David Willetts is the new universities minister of the Cameron/Clegg government which has assume power in the United Kingdom. He warned students the cost of their university education has become “a burden on the taxpayer that has to be attacked” and students should grasp paying additional tuition was a “responsibility.” One assumes the responsibility is to their nation which so graciously allowed them to accumulate debt. Aaron Porter of the National Union of Students estimates a typical student graduates with a debt of about $45,000. Willetts is concerned that graduates do not have to begin paying off debts until they are earning about $30,000 a year. It is clear the new Cameron government will add some castor oil to students in the form of higher tuition payments.
During the Depression of the 1930s when one-fourth of the American workforce did not have a job and the economy was in ruins, New York City had four FREE colleges and many other cities also offered poor students a chance to obtain a college degree without spending money on tuition. Some today mighty argue living expenses are higher and professors require higher salaries and overhead has risen due to the need for hundreds of administrators, but one might question how can colleges reduce expenses instead of raising tuition? Why could colleges be free when economic conditions were much worse than today?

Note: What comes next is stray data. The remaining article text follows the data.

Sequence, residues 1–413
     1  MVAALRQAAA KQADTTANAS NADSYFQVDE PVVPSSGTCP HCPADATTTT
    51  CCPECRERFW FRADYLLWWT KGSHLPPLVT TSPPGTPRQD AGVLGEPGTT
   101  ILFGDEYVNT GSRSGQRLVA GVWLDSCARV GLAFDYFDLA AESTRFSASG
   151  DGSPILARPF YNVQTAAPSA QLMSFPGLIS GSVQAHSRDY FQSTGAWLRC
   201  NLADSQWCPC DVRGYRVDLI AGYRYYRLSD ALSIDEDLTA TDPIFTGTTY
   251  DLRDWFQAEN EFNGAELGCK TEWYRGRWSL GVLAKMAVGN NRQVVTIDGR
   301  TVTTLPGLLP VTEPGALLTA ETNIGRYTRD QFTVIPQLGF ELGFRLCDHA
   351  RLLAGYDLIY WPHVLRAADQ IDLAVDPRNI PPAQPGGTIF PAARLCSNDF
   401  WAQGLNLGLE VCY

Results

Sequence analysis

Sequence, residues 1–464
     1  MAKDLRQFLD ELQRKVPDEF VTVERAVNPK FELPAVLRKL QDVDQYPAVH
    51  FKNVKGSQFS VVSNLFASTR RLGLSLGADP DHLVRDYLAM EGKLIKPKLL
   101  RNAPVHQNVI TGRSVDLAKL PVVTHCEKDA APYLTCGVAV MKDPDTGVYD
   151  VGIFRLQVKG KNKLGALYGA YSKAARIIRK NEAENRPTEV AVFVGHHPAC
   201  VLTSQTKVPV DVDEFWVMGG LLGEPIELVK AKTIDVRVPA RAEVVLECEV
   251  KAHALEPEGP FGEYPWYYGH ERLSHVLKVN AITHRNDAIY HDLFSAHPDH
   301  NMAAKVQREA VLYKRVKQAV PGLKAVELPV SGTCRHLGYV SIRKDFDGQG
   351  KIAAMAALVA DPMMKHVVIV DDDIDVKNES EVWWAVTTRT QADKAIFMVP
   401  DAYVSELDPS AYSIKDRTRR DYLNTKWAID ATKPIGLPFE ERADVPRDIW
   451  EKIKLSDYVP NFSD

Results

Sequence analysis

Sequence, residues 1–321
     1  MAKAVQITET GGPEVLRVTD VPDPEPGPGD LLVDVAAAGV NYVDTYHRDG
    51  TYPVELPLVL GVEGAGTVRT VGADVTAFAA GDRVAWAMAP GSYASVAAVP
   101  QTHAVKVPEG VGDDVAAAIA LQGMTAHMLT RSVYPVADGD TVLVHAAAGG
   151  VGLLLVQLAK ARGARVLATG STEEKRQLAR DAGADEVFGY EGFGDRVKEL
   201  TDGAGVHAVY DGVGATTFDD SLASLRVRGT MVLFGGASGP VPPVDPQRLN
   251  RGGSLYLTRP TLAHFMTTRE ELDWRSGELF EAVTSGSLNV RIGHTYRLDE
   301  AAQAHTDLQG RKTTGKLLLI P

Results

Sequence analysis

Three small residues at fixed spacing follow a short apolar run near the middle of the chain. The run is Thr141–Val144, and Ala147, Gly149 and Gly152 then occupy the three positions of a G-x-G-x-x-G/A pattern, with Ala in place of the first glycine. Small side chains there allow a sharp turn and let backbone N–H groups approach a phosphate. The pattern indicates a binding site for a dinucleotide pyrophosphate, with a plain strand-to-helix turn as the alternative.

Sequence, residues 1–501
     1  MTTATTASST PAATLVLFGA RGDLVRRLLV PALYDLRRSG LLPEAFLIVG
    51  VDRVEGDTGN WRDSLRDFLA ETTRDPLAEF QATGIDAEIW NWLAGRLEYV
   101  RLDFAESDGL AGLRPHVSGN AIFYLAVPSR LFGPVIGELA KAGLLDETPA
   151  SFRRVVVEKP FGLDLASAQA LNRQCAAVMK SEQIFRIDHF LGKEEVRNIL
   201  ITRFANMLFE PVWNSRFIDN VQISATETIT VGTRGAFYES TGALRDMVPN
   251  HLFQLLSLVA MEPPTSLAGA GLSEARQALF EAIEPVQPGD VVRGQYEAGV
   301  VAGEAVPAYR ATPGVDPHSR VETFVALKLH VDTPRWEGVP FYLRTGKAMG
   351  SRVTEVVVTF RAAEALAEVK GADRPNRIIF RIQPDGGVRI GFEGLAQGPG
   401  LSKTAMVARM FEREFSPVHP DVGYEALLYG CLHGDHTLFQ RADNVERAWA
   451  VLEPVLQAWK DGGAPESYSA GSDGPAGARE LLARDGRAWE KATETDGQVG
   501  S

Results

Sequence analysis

Here is a common sense alternative to the issue of tuition:
Offer students an option of no tuition in exchange for them paying 1% of their annual income in return for securing a free education.